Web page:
Olivia, I honestly love you, but you’re making it very difficult.
There’s no denying that the English born Aussie icon, Olivia Newton-John is one of world’s best-selling artists of all time.
But her latest business venture, flogging wine in the name of cancer treatment and research, is a misguided enterprise.
Last year Newton-John launched her own brand of wine: Pink and Blue for Two.
The wine takes its name from a campaign founded by her nephew Emerson Newton-John that aims to combat breast and prostate cancer by encouraging couples to proactively encourage each other to attend annual screenings.
Not for minute do I doubt Newton-John’s sincerity or motivation.
Her generous commitment to many humanitarian causes, her tireless advocacy and her dedication to cancer treatment and research, not to mention her own private battle with breast cancer is well known, respected and acknowledged.
If anything, Newton-John’s impressive record in this area, makes her wine venture all the more puzzling.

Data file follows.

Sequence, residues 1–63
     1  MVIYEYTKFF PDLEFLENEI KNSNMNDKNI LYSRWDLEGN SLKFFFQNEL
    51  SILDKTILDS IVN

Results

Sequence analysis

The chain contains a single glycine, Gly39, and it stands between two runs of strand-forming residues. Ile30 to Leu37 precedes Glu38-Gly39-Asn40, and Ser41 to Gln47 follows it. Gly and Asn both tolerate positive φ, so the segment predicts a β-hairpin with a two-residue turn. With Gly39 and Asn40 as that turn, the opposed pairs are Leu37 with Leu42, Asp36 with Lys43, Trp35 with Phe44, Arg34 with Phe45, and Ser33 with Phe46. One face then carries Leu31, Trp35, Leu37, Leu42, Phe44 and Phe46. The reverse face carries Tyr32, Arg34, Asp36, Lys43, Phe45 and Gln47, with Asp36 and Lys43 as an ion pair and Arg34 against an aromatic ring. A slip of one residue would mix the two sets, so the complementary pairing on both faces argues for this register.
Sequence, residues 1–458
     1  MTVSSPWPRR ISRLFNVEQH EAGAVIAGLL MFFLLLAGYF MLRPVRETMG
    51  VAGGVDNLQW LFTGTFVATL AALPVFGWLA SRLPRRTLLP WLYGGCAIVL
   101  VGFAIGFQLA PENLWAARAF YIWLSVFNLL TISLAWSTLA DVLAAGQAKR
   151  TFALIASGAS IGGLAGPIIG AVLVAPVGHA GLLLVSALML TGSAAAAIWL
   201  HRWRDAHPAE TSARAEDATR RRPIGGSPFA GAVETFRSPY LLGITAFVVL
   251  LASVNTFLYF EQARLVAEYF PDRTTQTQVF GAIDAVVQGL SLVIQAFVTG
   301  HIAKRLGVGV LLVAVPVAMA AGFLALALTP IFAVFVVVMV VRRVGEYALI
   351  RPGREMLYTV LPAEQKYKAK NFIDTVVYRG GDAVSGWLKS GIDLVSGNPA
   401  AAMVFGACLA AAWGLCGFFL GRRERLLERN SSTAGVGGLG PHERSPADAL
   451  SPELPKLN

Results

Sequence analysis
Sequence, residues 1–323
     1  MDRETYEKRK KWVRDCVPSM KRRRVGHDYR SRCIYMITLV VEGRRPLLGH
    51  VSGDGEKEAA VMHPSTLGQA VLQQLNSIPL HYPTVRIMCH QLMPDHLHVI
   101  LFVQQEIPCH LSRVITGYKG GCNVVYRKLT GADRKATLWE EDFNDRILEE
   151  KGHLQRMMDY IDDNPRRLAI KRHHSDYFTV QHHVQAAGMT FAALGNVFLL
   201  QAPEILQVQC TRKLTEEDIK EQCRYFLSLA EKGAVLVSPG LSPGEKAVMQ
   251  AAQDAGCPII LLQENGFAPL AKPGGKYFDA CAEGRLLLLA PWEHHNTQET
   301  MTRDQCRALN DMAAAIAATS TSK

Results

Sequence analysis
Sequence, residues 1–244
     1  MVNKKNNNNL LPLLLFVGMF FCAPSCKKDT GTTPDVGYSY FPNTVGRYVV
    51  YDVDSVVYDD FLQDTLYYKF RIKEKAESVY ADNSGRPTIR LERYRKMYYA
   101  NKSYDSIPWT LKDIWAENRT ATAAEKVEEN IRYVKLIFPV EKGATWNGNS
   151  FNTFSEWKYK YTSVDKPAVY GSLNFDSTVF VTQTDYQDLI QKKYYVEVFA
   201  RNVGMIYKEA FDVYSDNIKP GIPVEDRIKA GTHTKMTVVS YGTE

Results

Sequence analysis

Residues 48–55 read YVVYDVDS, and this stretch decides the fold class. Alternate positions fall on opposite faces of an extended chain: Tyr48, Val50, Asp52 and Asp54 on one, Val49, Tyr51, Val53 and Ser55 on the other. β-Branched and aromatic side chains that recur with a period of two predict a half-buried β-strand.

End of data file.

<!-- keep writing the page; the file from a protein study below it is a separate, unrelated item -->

Because selling wine to raise money for cancer research makes no more sense than selling cigarettes.
Why promote and sell the very product that’s causing the harm you’re trying so hard to prevent?
The links between alcohol and cancers, including both prostate and breast cancer, are very well established.
And a new Harvard study published in the British Medical Journal just last week found that a woman’s risk of breast cancer increases by 13 per cent if she consumes just one drink a day.
In Australia alcohol kills 5,554 Australians a year. In men, one in four of those alcohol-related deaths is caused by cancer, for women it’s almost one in three (31 per cent).
Unwittingly or otherwise, Newton-John isn’t alone in marketing a harmful product off the back of their concern about breast cancer.
So much so there’s even a name for it.
US based Breast Cancer Action coined the term ‘pinkwashing’, and came up with a list of questions to ask before buying a ‘pink’ branded product, including: “Does this purchase put you or someone you love at risk for exposure to toxins linked to breastcancer?”.
Unfortunately for Olivia, the answer is a resounding yes!
Newton-John would do well to remember a fundamental principle taught to healthcare students around the world – first do no harm.
In flogging wine to raise money for cancer research and treatment, Ms Newton-John risks causing more harm than good.